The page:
Parametric insurance, which pays the end-user a predetermined settlement when a predetermined trigger (ex. rainfall, wind speeds) is met, is a viable and increasingly popular alternative to traditional insurance. Offering a farmer or business protection against excess rainfall by having a contract settle if it rains for more than half of their coverage period according to public, verifiable datasets from a source like the National Weather Service is one example of a parametric program that platforms like Arbol are already offering globally. Where the smart contract becomes important is in making sure that all of this is verified in a secure, trustless environment that makes the terms of the agreement transparent to all parties involved, and that automatically executes a settlement when a trusted oracle, like Chainlink, determines that the qualifying event has occurred.

Smart contracts built on the Ethereum blockchain, decentralized climate data from a network like dClimate, and Chainlink oracles make it possible for farmers and businesses in underserved regions and countries to access reliable insurance products. Because the smart contract settles automatically using global, tamper-proof datasets, settlements can be distributed rapidly anywhere in the world. Parametric insurance that leverages smart contracts and independent data not only makes coverage products more accessible to underserved clients, but ensures that disputes over settlements are eliminated.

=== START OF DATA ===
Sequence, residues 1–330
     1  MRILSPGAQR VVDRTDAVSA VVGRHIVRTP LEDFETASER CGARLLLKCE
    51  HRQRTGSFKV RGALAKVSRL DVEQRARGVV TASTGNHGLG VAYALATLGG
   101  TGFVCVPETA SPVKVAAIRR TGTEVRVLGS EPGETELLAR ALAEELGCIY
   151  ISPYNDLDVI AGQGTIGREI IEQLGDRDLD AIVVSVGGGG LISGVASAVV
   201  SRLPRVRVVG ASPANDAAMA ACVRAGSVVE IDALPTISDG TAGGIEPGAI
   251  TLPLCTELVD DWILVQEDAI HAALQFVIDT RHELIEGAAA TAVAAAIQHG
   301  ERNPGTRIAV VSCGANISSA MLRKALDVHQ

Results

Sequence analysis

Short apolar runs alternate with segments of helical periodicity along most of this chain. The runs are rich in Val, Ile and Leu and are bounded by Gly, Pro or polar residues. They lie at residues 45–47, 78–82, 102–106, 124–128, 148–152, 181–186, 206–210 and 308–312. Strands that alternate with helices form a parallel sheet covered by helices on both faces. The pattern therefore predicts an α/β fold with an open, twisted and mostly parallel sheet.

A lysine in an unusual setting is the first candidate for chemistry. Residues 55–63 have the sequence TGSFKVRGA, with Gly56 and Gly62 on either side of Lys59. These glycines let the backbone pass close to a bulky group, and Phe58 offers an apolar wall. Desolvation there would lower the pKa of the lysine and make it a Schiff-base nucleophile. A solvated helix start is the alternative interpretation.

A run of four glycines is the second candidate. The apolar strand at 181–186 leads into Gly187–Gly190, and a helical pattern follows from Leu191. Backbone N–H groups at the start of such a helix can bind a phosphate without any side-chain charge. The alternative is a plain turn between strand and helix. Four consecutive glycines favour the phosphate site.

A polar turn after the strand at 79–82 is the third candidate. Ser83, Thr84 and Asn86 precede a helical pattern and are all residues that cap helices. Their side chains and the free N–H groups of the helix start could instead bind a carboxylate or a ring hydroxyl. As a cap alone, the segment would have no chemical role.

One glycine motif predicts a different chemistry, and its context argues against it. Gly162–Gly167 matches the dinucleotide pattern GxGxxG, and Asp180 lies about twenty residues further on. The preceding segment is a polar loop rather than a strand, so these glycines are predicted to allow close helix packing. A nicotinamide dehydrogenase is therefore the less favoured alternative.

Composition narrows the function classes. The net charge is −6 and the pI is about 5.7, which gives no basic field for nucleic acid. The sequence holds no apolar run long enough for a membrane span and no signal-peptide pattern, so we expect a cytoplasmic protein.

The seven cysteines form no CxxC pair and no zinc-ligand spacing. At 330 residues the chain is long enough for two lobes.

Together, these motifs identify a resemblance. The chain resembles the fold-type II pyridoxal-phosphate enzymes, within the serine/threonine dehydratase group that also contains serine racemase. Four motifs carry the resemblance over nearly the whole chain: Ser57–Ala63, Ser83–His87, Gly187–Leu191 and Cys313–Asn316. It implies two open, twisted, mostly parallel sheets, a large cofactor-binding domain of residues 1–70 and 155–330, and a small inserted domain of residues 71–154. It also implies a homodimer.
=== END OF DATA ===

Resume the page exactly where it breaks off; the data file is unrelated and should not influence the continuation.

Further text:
Source: Chainlink

It is estimated that more than $1 trillion of crops globally are uninsured or underinsured. Insurance products and access to good, reliable climate data will be critical in a world where many businesses are just one catastrophic weather event (prolonged drought, excess rain) away from potentially losing everything. Platforms like Arbol, which utilize smart contracts and data to power a wide array of parametric weather protection programs ultimately aim not just to address the widening global protection gap, but to use innovative technologies like blockchain to make weather insurance products simpler, fairer, and more affordable.

About Siddhartha Jha:

Siddhartha Jha is the Founder of Arbol Inc. and currently serves as Chairman and CEO. Sid is also a founding partner of dClimate, the first decentralized network for climate data, forecasts, and models. Prior to Arbol and dClimate, he had over 13 years of experience in the financial industry covering the interest rates and commodities in both quantitative research and trading roles. He launched an agriculture futures trading portfolio, managing over $100 million at a major commodity trading firm. Sid was the first analyst at a startup commodity hedge fund, which grew to manage over $600 million in assets. He was Vice President of Interest Rates Strategy at J.P. Morgan.

Sid authored the well-received book “Interest Rate Markets”, published in both English and Mandarin. He has taught financial markets at NYU and was on the board of a non-profit working with inner city youth. Sid graduated from Harvard University with a B.A. Cum Laude in Applied Mathematics and M.A. in Statistics as part of a 4-year combined degree program.